The things about President Barack Obama that I find endearing are also the things that I find annoying. And incidentally, we’ll probably be seeing more of these things in the last two years of his Presidency, now that the Republicans control the Senate.
I admired Barack Obama for being an open-minded centrist and a conciliator, and also for standing by his principles, regardless of what anybody thinks (a paradox, I know). In 2008, I read his book, The Audacity of Hope, and, although I would go on to vote for the McCain-Palin ticket, I really liked Obama’s book. The reason was that he seemed to me to be trying to understand where people of different ideologies were coming from. He rejected right-wing conservatism, but he also acknowledged where it made valuable points, and he admitted that the Left’s ideology was not perfect, either. He presented himself as one who could bring factions together, while reminding voters in the Democratic primaries that Hillary was a divisive figure.
But, paradoxically, I also respected Obama’s stubbornness. He would not allow his opponents to define who he was, but he fought back. When Hillary and later McCain tried to portray him as green on foreign policy because he was open to meeting with the President of Iran without preconditions, Obama offered a cogent defense of his stance. Obama even highlighted McCain’s irresponsible statements (i.e., bombing Iran), putting McCain on the defensive! When Obama was inaugurated, I respected him for proceeding to nominate Chuck Hagel as Secretary of Defense, even though many Republicans were highly critical of that choice: after all, didn’t you know? Israel is always right, and we made such good moves in the Iraq War, so Chuck Hagel was obviously misguided in straying from such truths. (I’m being sarcastic here, in case readers can’t tell. More than one person mistakes my sarcasm as what I truly think!)
But the strengths I admire can also become traits that turn me off! On conciliation, how many times did President Obama roll over and let Republicans do what they wanted? Remember the sequester. And, when Obama decides to be a fighter, he comes across as arrogant, acting as if he is above the political process and blaming the other side, promoting good ideas when we know that those ideas have little chance of passing, at least not in this political climate. What is especially sad is when he merges these two approaches. For example, he talked tough about Syria, then didn’t deliver.
Now that the Republicans have the Senate, we’ll see more of the same thing. Sometimes, President Obama will agree to Republican demands. Other times, he’ll talk tough from a position of powerlessness. That’s my prediction. I will give him this, though: he will probably continue to make efforts to do what he can as President to effect his vision, through executive orders, perhaps through whatever power he has to decide on the administration of funds. But the Republicans in Congress will challenge him every step of the way.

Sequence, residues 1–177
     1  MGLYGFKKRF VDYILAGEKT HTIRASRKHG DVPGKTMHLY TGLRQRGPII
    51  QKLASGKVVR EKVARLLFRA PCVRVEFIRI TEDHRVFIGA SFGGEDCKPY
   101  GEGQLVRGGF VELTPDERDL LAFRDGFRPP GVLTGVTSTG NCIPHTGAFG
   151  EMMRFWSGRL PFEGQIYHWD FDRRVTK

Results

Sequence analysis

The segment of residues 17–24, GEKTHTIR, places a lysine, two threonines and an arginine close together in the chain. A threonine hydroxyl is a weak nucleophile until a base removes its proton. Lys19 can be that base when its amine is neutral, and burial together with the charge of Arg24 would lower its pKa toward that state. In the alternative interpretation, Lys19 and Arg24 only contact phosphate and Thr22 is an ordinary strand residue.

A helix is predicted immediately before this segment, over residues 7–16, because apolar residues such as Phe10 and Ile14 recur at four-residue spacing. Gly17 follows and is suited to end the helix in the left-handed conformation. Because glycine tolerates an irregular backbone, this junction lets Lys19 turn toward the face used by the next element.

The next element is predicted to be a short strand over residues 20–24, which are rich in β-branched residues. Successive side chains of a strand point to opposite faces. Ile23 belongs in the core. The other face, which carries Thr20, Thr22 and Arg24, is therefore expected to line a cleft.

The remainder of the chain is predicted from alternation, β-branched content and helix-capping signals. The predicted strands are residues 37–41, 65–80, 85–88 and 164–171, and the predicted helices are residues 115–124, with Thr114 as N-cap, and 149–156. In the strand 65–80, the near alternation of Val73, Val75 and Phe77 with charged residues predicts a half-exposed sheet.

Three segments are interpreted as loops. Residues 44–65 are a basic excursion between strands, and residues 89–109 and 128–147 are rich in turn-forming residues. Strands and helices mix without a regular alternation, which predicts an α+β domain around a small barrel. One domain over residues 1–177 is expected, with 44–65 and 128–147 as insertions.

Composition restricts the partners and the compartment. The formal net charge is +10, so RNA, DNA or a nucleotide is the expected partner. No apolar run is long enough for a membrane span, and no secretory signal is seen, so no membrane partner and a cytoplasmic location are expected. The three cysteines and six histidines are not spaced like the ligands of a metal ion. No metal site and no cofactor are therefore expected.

I don’t really regret voting for him, considering the other options that were out there. Although I voted for McCain, I now have my doubts that he would have made that good of a President. He would have probably gone the opposite extreme to where Obama is: he would have conducted a bellicose foreign policy, which wouldn’t have been helpful. The Supreme Court would also be further right than it is now. That would be bad, considering the horrible decisions that have come from the conservatives on the court now (i.e., Citizens United).
I also doubt that Romney would have been that good of a President. He was making gaffes almost every week, alienating foreign allies. Even though today I look at the world and feel that it is falling apart, I doubt that McCain or Romney would have made things better.
Maybe we shouldn’t have elected a man who had so little political experience. Barack Obama was a community organizer and served two years in the Senate. His supporters assured themselves that he was smart and charismatic, and that would compensate. Well, he is smart! But Jimmy Carter had a high IQ, and he was not a particularly effective President. It takes smarts to be President, but it also takes more than academic knowledge. It takes competence.
So where should I go from here? There’s Hillary. I don’t like her, but maybe she is more politically savvy and competent than Barack Obama has been. I also appreciate a point that more than one progressive article has made: that a lot of reform can occur at the local level. A number of states and cities have raised the minimum wage. Some states have progressive health care policies.
Let me be clear: I am not saying that I would do a good job if I were President. Being President is a tough job. But we all have rights as citizens to have opinions about our leaders and whether they are performing well.